• I've been doing this for seven years.

  • I've been trying in America for seven years.

  • Now is the time when it's ripe -- ripe for the picking.

  • I went to the eye of the storm.

  • I went to West Virginia, the most unhealthy state in America.

  • Or it was last year.

  • We've got a new one this year, but we'll work on that next season.

  • (Laughter)

  • Huntington, West Virginia. Beautiful town.

  • I wanted to put heart and soul and people,

  • your public,

  • around the statistics that we've become so used to.

  • I want to introduce you to some of the people that I care about:

  • your public, your children.

  • I want to show a picture of my friend Brittany.

  • She's 16 years old.

  • She's got six years to live

  • because of the food that she's eaten.

  • She's the third generation of Americans

  • that hasn't grown up within a food environment

  • where they've been taught to cook at home or in school,

  • or her mom, or her mom's mom.

  • She has six years to live.

  • She's eating her liver to death.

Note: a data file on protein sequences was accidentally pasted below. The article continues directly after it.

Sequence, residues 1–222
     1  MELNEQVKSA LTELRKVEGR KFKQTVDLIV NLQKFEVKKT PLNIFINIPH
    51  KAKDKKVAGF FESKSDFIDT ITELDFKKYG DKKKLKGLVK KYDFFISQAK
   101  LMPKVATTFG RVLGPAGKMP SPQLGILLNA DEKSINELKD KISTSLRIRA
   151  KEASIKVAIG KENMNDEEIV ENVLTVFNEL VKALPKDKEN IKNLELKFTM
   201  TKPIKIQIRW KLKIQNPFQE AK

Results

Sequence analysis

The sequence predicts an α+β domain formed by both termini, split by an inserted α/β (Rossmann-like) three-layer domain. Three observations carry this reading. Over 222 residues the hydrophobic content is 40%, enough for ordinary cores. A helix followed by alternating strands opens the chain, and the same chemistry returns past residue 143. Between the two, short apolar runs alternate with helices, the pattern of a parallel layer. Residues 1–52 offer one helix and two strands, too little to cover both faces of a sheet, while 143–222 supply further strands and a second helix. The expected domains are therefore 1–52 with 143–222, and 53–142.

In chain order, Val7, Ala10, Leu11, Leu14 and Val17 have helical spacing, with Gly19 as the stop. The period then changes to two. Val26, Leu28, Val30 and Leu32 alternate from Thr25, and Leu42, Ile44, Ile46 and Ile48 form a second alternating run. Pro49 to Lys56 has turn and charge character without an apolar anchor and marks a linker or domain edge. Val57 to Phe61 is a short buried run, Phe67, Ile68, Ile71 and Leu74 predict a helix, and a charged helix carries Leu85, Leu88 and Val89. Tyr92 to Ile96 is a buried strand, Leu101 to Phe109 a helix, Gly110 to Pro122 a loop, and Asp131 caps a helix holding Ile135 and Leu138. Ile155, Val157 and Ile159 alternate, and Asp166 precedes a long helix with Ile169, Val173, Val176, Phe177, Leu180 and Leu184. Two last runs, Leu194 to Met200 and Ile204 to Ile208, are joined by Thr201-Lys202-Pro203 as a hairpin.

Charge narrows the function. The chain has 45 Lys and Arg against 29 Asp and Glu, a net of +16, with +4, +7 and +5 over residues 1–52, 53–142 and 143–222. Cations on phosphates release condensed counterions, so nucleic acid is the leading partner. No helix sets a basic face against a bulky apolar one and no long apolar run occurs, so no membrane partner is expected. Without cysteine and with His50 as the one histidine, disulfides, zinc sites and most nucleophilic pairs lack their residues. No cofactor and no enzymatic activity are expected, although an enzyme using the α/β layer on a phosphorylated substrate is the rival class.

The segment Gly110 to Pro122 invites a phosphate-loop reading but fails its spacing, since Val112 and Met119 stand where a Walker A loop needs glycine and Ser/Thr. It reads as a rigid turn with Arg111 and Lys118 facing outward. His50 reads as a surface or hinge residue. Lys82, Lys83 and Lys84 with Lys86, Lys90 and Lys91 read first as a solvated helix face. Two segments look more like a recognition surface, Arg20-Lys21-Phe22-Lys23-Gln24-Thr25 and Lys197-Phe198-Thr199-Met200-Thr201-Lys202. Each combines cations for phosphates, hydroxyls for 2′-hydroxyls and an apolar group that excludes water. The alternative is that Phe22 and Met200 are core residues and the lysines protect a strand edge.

• Stacy, the Edwards family.

  • This is a normal family, guys.

  • Stacy does her best, but she's third-generation as well;

  • she was never taught to cook at home or at school.

  • The family's obese.

  • Justin here, 12 years old, he's 350 pounds.

  • He gets bullied, for God's sake.

  • The daughter there, Katie, she's four years old.

  • She's obese before she even gets to primary school.

  • Marissa, she's all right, she's one of your lot.

  • But you know what?

  • Her father, who was obese, died in her arms,

  • And then the second most important man in her life,

  • her uncle, died of obesity,

  • and now her step-dad is obese.

  • You see, the thing is,

  • obesity and diet-related disease

  • doesn't just hurt the people that have it;

  • it's all of their friends, families, brothers, sisters.

  • Pastor Steve:

  • an inspirational man,

  • one of my early allies in Huntington, West Virginia.

  • He's at the sharp knife-edge of this problem.

  • He has to bury the people, OK?

  • And he's fed up with it.

  • He's fed up with burying his friends, his family, his community.

  • Come winter, three times as many people die.

  • He's sick of it.

  • This is preventable disease. Waste of life.

  • By the way, this is what they get buried in.

  • We're not geared up to do this.

  • Can't even get them out the door, and I'm being serious.

  • Can't even get them there. Forklift.

  • OK, I see it as a triangle, OK?

  • This is our landscape of food.

  • I need you to understand it.

  • You've probably heard all this before.

  • Over the last 30 years,

  • what's happened that's ripped the heart out of this country?

  • Let's be frank and honest.

  • Well, modern-day life.